Fotobabble is a free service that allows you to quickly turn a picture into an audio picture story. Using Fotoabble is easy, just upload an image to Fotobabble, allow Fotobabble to access your computer's microphone, and start recording your voice. You can comment on your photo, explain what's happening your photo, or tell a story related to your photo. The Fotobabble iOS app is just as easy to use as the web version of the service but with an added bonus of visual effects editing.

Applications for Education
The Fotobable iOS app could be a great app for students to use to quickly create short audio stories about pictures that they take with their iPhones and or iPads (the app isn't optimized for iPad, but it works on it). The app could be used by students to do some "on the spot" reporting during a field trip.

Over time your class could build a collection of audio captioned news images by embedding each of their Fotobabble creations on a class blog or wiki.

Create Your Own Interactive Primary Source Document Activities

I've written about many resources from the U.S. National Archives in the past. Until today my favorite of their offerings was the National Archives Experience Digital Vaults. This morning I spent some time exploring The National Archives Experience's Docs Teach interactive tools center and it is my new favorite tool from the National Archives.

Docs Teach offers seven free tools that teachers can use to create interactive learning activities based on primary source documents and images. The seven tools are Finding a Sequence, Focusing on Details, Making Connections, Mapping History, Seeing the Big Picture, Weighing the Evidence, and Interpreting Data. To get a sense of how each of these activities works you can view existing activities made and shared here by other teachers. In fact, you may want to browse through the Find & Use section before creating an activity from scratch as you may find that someone else has shared an activity that meets your instructional goals too. The Find & Use activities are arranged by historical era and are labeled with a thinking skill and a level of Bloom's revised taxonomy.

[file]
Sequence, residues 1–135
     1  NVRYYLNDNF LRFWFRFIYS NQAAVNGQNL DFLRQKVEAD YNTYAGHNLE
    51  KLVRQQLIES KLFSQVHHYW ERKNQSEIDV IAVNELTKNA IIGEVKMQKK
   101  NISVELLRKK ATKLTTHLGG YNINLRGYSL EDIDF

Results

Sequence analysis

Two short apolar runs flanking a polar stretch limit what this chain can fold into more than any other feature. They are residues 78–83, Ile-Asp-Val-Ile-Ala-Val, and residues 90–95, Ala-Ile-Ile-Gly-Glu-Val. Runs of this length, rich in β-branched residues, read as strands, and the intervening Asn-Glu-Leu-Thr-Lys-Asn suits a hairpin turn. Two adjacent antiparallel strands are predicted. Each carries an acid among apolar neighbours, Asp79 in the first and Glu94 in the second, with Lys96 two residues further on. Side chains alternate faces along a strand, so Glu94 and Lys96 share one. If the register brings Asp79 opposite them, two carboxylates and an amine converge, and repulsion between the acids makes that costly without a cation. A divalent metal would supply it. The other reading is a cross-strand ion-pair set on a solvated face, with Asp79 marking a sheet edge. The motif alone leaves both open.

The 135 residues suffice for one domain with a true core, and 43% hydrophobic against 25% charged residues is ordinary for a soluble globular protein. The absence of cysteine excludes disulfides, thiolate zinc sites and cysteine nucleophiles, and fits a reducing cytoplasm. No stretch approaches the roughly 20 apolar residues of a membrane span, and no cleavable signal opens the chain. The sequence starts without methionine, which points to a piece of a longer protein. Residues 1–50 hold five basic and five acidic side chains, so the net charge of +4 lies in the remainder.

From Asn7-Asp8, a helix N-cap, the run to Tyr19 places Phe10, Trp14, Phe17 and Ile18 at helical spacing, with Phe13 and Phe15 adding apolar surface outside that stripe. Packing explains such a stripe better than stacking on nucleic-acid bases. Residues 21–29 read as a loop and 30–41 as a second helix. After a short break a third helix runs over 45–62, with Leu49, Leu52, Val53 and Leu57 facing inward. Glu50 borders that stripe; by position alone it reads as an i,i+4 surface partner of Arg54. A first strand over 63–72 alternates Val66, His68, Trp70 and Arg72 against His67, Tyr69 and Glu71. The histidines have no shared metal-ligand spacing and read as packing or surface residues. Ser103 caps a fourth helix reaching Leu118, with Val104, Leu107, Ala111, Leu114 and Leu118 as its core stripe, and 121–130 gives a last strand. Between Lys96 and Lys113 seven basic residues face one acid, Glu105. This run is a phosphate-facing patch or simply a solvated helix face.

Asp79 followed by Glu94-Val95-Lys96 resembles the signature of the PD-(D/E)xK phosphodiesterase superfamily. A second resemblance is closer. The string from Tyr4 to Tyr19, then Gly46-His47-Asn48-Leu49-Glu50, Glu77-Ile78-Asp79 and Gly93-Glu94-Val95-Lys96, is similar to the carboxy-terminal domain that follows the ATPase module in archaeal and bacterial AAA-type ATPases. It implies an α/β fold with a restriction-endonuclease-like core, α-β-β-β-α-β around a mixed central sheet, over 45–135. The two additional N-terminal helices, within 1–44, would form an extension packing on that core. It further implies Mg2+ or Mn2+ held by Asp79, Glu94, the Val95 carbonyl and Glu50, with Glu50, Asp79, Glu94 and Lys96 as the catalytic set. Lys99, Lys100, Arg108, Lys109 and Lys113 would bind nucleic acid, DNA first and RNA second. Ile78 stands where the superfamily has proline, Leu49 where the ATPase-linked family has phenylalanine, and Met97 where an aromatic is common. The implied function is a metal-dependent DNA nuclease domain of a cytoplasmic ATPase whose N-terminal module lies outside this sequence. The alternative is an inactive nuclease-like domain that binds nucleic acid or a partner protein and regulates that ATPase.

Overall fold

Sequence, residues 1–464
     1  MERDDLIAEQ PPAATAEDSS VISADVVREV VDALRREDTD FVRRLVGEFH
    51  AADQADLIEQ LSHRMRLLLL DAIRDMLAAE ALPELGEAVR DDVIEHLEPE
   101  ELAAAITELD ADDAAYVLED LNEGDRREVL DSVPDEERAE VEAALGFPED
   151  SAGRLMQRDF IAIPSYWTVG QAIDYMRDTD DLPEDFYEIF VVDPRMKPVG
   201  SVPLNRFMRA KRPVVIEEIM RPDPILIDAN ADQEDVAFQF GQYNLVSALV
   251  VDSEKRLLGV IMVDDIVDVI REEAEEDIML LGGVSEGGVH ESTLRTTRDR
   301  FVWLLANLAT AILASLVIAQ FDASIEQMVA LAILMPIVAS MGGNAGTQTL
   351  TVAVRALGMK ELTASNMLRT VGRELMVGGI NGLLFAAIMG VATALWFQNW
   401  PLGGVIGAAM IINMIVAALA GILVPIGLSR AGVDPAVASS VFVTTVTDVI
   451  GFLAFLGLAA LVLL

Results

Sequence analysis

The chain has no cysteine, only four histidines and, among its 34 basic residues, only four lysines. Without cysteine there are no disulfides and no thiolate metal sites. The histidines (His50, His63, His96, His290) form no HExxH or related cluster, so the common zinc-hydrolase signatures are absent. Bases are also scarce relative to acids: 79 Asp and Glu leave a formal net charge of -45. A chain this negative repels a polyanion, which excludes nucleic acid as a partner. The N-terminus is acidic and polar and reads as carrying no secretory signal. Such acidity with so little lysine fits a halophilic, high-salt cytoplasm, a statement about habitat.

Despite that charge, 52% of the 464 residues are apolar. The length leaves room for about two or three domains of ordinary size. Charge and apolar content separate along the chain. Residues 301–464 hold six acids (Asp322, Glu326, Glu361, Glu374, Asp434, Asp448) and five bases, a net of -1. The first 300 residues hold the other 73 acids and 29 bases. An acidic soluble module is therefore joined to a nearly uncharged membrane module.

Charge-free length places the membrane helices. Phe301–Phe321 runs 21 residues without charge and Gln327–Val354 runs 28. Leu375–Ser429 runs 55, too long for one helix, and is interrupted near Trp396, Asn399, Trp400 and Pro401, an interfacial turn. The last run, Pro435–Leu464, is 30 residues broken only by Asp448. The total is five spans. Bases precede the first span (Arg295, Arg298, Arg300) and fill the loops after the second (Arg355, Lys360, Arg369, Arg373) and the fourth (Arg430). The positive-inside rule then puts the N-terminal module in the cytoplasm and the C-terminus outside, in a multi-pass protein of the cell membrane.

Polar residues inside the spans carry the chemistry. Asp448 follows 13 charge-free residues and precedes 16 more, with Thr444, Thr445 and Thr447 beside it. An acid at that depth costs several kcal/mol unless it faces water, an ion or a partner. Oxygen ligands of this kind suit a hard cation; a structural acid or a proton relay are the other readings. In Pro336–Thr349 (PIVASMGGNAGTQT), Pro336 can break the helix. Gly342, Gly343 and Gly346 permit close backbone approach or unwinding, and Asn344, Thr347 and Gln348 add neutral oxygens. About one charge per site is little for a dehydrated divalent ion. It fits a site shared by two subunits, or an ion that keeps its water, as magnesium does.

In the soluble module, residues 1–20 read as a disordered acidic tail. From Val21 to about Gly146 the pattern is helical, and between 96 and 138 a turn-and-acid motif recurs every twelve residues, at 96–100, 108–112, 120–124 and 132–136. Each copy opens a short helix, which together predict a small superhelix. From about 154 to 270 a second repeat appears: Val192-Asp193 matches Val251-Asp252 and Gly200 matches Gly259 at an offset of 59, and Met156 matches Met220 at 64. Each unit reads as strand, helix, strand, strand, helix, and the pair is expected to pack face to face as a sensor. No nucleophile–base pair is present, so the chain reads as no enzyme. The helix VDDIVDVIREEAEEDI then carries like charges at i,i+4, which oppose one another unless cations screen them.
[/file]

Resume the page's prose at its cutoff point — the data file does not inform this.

I used the Docs Teach activity creator to create a Weighing the Evidence activity this morning. I searched the archives and selected a few images of Paul Revere then dragged them into the activity. Then I asked students to determine which image does the best job of accurately depicting Paul Revere's ride.

Applications for Education
You could create some great primary source evaluation activities on Docs Teach. After creating some of your own and having students complete them, you might want to mix it up by having your students create activities.

A Slower Speed of Light - A MIT Game for Learning About Special Relativity

The MIT Game Lab recently released an interesting game designed to demonstrate the visual effects of special relativity. A Slower Speed of Light seems simple enough on the surface, you walk through virtual worlds picking up orbs, but the game gets quite difficult because of the visual effects. The game attempts to mirror the speed of light to the player's actual walking pace which is what changes the visual complexity displayed in each level of the game. Learn more about the game in the video below.

Applications for Education
I won't pretend to know what all of these things mean, but according to the MIT Game Lab's website A Slower Speed of Light could be used to introduce students to the concepts of time dilation, Doppler effect, searchlight effect, and Lorentz transformation.